What Type of Editing Does My Book Need?
You’ve written your book. You’ve revised it. And now you need an editor.
Or a proofreader.
No, you need an editor. You think.
But when you say to people you need an editor, their response is, “Great! What kind of editor?” And then you’re stuck.
Don’t all editors . . . um, you know . . . edit?
Seems like a trick question, right? Yes, editors edit. But there are different levels of editing. Some editors only do one type of editing; others may do more than one.
So what kind of editing does your book need? Let’s figure it out together.
Editing as Home Renovations (No really. Stay with me here.)
Your book is a big project—probably a bigger project than you realized when you first started writing. Ah, it seemed so much simpler then.
Home renovations are big projects too. And if you’ve spent any time in the last several years flipping through channels or sitting in a doctor’s office waiting room (or any number of other places), you’ve probably seen at least one episode of a home renovation show. No matter if they plan to flip the house or fix it up to live there, they all follow the same pattern. Which is good for us because we’re going to use that to help talk about the levels of editing your book.
Don’t believe me? Let’s get started.
The Big Picture: Developmental Editing and Manuscript Critiques
Home shows begin by showing the house as it already is. Pretty soon they’re knocking down walls and ripping up cabinets and removing outdated fixtures. The house may have good bones, but it’s not ready just yet.
What they’re doing is working on the big pieces of the house. The things they have to change first so the rest of the renovations will work.
And that’s what a developmental edit or manuscript critique is like for your book. It looks at the big picture of what makes your book your book—things like plot, characterization, point of view, pacing, and voice. These are the aspects of your book that need to be addressed first. And after you get this level of editing, you’re likely going to spend more time writing or revising your book.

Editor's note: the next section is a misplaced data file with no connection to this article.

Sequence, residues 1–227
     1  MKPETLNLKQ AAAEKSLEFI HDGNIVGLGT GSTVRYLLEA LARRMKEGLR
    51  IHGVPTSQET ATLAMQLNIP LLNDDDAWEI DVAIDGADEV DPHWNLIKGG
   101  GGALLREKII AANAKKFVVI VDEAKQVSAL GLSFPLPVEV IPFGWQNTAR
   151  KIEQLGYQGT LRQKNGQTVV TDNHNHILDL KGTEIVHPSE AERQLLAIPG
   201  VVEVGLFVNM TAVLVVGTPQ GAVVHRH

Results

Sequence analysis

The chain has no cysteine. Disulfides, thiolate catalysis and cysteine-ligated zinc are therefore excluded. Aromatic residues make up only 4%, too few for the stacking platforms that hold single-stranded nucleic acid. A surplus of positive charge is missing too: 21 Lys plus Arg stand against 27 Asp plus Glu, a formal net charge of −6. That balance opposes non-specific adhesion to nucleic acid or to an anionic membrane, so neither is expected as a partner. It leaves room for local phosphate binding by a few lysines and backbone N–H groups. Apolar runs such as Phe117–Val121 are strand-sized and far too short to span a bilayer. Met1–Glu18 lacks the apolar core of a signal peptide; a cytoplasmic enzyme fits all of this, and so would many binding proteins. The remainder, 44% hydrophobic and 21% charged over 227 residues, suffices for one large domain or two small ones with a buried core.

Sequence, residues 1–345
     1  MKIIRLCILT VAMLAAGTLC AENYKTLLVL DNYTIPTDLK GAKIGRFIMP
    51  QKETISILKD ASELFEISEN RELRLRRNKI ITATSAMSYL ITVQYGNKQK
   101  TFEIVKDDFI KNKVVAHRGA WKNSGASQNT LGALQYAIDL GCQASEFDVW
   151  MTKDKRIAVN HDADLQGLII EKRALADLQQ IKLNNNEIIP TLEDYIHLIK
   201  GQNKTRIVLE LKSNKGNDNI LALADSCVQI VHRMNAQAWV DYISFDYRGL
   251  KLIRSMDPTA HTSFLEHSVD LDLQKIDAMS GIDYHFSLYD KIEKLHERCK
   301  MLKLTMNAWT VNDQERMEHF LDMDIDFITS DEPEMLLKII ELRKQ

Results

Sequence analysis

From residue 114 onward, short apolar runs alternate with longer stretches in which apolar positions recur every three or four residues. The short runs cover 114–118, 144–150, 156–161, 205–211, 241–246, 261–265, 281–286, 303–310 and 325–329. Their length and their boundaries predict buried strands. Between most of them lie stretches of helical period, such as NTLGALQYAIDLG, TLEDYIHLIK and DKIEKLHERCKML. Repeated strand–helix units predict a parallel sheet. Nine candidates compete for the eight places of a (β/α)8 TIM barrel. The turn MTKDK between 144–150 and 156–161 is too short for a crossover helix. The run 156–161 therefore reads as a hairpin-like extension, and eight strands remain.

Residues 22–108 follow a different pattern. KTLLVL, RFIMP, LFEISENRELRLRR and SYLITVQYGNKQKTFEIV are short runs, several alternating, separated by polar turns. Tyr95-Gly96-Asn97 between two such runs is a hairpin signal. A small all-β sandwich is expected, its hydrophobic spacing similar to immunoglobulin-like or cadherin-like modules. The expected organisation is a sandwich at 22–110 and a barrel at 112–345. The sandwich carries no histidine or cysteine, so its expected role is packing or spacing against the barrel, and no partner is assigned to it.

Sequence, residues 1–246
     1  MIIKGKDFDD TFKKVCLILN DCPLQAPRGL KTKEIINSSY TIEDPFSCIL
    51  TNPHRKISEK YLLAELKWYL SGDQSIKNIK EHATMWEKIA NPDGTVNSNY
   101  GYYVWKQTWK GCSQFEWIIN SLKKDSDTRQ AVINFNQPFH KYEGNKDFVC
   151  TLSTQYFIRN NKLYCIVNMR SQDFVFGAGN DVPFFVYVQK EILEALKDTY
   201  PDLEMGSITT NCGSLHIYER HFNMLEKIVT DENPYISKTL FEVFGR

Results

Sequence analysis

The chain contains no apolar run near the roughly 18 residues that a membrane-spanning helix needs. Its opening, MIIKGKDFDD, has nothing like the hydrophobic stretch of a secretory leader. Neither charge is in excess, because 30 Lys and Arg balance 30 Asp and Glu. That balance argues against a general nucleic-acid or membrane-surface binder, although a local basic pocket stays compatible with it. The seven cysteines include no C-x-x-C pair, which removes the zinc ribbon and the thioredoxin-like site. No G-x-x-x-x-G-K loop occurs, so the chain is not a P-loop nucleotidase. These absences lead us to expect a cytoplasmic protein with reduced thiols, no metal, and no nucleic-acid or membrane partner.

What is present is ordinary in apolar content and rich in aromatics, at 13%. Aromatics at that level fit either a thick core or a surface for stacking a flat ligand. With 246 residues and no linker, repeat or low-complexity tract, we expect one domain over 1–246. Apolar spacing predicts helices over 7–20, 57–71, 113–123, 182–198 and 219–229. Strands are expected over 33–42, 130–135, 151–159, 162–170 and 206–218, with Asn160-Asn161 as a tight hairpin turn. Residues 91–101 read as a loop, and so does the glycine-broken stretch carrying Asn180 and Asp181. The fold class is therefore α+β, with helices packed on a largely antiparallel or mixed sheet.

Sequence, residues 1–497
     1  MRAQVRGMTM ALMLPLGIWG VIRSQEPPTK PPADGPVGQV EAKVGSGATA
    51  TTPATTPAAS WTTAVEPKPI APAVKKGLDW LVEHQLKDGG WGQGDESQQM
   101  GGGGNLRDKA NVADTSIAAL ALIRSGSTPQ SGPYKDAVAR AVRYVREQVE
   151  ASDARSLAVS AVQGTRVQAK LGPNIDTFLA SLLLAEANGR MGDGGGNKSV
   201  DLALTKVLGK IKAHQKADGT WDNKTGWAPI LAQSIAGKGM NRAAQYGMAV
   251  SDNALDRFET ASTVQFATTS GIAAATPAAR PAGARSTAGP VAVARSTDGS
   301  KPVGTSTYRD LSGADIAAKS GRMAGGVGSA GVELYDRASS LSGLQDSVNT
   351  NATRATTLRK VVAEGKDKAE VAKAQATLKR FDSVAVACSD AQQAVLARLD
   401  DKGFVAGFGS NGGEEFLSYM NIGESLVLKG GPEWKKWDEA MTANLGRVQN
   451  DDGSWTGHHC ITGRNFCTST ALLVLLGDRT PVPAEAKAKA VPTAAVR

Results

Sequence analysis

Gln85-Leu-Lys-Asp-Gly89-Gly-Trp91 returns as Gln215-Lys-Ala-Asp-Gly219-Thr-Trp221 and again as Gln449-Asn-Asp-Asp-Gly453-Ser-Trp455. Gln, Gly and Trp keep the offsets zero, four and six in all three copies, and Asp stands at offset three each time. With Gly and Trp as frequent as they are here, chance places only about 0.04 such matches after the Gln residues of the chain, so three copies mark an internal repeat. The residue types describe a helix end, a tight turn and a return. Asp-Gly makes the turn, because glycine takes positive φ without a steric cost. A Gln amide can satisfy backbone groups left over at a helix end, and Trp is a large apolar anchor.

(Side note: what’s the difference between developmental editing and a manuscript critique? The short answer is the amount of feedback you receive is. Also, developmental editing may include more than one round, while a manuscript critique is usually one round.)
Settling In: Line Editing and Copyediting
The house on your tv screen has a reworked floor plan, a refurbished fireplace, new light fixtures and appliances—it’s really starting to come together.
And that’s how you should feel as you and your book head into line editing and copyediting. You’ve done the hard work of writing and rewriting. You’ve revised after your developmental edit or manuscript critique. Now we narrow our focus a bit.
Line editing looks at your language choices and the flow of your story. If you’ve ever read something and said, “I wouldn’t say it that way,” then you were line editing.
Copyediting is even more narrow than line editing. Copyediting looks at spelling, grammar, punctuation—all those rules you learned once upon a time (although they may have changed since then!). Copyediting may also keep track of continuity; for example, noting if the character has brown eyes on page five and green eyes on page ninety-five.
Some editors offer these as two separate services, while others (raises hand) offer this as a combined service, performing both line editing and copyediting while reviewing the manuscript. These are the only two levels of editing that can be performed at the same time.
Finishing Touches: Proofreading
Look at this house! You hardly recognize it from the beginning of the episode. It’s bright and airy and absolutely gorgeous. Now it just needs some staging for potential buyers or the eager homeowners who are anxiously awaiting the big reveal.
Your book has come a long way too from those early big-picture edits.You’re now thisclose to actually publishing your book. And you’ve had so much editing done on your book already; you can stop here, right?
Wrong! Every book needs a proofreader, ideally someone who has never worked on your book before.
Why? For starters, because perfection is unlikely. Something may have slipped through unnoticed during your rounds of editing. Or an error may have snuck in as you made revisions or reviewed your book’s edits. Anything is possible. (And that’s for all books—open up any book from one of the Big 5, and you’ll likely find errors there too.)
Proofreading is that final chance to catch any mistakes. Today, many self-publishing authors have their books proofread in Microsoft Word, but the name “proofreading” originated from reviewing page proofs, i.e., pages of text laid out on a printing press. No matter if you’ve written a picture book, chapter book, or middle grade novel, you will need to review your page proofs and have them proofread.
Can you start with a proofread?
In a word—NO! It is important that you go in order, from your big-picture edit at the beginning to your finishing touches at the end.
Let’s go back to our home renovation example. Would you stage a house for prospective buyers and then rip out a wall? Of course not. That doesn’t make any sense.
It’s the same with having your book edited. You don’t need to worry about commas and quotation marks before fixing the plot hole on page 47 or the meter on the last page of your picture book.
Your book isn’t ready for editing until you’ve revised your manuscript and taken it as far as you can with the help of alpha (or beta) readers and critique partners. And then? Then it’s time to send your book to an editor and start working with them on your manuscript, from the big picture down to the finishing touches.